G.R. No. 129417 February 10, 1998 COMELEC vs.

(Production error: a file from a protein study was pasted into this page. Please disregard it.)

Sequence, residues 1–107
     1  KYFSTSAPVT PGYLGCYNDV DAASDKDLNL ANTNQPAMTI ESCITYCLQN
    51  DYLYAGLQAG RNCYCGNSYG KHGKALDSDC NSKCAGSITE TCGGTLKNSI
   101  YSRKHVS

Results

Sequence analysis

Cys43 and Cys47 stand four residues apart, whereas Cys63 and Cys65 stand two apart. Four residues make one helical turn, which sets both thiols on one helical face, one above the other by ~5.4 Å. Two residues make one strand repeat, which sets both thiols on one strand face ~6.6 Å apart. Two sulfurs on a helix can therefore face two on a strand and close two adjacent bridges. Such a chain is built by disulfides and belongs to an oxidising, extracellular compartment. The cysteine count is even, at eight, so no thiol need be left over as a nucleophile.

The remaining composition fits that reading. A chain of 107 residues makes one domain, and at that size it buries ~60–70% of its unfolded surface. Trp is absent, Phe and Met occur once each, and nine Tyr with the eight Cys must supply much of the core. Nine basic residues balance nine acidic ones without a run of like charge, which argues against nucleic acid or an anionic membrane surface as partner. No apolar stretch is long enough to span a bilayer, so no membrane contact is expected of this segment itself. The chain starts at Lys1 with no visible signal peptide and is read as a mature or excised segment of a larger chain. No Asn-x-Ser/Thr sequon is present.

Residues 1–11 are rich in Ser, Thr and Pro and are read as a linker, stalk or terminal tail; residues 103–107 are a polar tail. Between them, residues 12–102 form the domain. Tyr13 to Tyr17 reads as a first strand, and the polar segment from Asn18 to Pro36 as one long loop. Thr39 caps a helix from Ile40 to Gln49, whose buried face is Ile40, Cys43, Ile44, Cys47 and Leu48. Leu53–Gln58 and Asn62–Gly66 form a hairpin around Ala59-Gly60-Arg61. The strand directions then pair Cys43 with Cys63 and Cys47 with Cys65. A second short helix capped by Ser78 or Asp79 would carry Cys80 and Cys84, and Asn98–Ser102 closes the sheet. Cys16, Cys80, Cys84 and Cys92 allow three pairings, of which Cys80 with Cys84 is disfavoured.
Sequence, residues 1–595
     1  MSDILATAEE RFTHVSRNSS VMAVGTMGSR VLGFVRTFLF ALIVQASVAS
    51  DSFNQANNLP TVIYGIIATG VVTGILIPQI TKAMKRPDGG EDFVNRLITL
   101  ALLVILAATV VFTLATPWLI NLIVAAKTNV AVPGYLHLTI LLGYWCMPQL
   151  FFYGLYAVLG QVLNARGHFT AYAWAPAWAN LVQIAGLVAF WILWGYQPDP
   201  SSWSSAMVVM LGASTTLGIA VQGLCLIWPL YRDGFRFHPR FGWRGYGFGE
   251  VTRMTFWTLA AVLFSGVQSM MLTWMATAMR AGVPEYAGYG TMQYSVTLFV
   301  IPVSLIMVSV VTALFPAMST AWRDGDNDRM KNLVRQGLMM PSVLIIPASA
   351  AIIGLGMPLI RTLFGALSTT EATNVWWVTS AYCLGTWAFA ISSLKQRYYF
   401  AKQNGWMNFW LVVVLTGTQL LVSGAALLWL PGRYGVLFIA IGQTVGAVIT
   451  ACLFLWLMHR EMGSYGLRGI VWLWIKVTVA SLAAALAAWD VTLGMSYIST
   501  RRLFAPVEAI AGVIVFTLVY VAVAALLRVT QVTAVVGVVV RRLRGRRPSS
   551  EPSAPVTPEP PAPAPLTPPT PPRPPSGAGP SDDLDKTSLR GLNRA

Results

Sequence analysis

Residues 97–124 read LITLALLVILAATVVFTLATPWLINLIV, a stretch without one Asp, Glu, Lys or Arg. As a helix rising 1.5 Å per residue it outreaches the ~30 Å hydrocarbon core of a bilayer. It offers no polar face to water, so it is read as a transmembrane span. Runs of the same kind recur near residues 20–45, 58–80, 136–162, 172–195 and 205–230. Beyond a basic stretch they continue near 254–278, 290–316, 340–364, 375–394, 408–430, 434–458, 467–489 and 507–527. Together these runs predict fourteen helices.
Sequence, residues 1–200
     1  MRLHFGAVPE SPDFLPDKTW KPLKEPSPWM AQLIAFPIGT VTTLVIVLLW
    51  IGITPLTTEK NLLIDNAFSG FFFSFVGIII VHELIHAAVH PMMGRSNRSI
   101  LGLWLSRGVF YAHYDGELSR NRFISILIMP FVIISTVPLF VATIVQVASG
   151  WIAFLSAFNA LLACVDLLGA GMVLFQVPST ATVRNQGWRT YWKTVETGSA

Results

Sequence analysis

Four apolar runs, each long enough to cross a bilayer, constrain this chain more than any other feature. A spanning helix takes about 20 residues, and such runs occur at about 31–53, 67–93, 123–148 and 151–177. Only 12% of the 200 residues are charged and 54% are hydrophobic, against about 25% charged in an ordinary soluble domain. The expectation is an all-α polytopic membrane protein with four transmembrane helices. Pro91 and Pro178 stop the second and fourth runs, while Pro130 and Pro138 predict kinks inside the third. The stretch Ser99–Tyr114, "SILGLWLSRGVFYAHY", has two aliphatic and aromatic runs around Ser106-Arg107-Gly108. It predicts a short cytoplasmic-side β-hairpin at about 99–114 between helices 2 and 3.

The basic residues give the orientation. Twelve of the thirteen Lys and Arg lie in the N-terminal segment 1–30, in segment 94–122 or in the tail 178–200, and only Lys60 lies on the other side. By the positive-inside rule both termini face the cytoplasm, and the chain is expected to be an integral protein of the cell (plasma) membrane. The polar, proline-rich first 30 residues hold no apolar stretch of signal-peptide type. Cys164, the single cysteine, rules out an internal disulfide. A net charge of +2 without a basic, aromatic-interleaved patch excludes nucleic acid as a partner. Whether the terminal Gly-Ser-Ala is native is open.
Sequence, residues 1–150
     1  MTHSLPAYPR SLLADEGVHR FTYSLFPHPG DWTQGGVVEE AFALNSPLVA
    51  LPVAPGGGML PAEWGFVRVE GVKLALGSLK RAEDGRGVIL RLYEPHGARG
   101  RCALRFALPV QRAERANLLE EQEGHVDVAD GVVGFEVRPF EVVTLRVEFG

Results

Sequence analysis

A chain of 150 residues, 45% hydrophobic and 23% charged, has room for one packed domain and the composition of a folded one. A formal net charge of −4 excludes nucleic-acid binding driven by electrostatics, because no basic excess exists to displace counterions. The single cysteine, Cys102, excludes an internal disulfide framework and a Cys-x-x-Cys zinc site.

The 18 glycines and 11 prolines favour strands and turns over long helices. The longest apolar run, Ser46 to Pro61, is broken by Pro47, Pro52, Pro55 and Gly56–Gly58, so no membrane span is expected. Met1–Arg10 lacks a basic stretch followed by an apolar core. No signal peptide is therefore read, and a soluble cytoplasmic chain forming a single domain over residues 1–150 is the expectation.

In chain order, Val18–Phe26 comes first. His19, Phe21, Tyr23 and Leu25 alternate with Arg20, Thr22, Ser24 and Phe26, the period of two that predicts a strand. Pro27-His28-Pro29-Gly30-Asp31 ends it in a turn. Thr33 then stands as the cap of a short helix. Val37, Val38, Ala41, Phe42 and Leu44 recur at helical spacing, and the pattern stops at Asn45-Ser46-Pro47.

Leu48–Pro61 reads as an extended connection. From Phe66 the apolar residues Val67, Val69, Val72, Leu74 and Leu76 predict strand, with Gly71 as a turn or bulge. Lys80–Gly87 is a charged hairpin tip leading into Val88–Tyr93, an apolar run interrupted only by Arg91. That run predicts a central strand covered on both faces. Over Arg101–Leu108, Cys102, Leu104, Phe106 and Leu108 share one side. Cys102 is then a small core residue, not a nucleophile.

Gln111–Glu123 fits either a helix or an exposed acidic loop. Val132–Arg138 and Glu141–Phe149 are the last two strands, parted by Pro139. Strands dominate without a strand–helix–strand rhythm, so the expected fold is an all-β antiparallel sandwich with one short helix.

SILVA FACTS: The Private Respondents, who were charged of having tampered some certificates of canvass, moved for the Dismissal of the Cases filed against them. The Chief State Prosecutor, who had been designated by the Commission on Elections to prosecute the cases, filed a comment joining in private respondents' request. Eventually, the cases were dismissed. The COMELEC sought to appeal the dismissal of the cases to the Court of Appeals. When the Chief State Prosecutor was required to comment, he stated that he cannot give his conformity to the Notice of Appeal filed by the Comelec as it would not be consistent with his position that he would abide by whatever finding the court may come up with on the existence of probable cause as against the Private Respondents. Thus, the judges denied due course to the appeal. The sole basis for the denial was the fact that the prosecutor, whom the COMELEC had deputized to prosecute the cases, had earlier taken a contrary stand against the COMELEC. ISSUE: Who has the authority to decide whether or not to appeal from the orders of dismissal the COMELEC or its designated prosecutor? RULING: Whether the orders of dismissal should be appealed is for the COMELEC to decide, not for Chief State Prosecutor whom it has merely deputized to represent in it court. The 1987 Constitution mandates the COMELEC not only to investigate but also to prosecute cases of violation of election laws. This means that the COMELEC is empowered to conduct preliminary investigations in cases involving election offenses for the purpose of helping the Judge determine probable cause and for filing an information in court. This power is exclusive with COMELEC. Prosecutors designated by the COMELEC to prosecute the cases act as its deputies. They derive their authority from it and not from their offices. Consequently, it was beyond the power of Chief State Prosecutor to oppose the appeal of the COMELEC. For that matter, it was beyond his power, as COMELEC-designated prosecutor, to leave to the trial courts the determination of whether there was probable cause for the filing of the cases and, if it found none, whether the cases should be dismissed.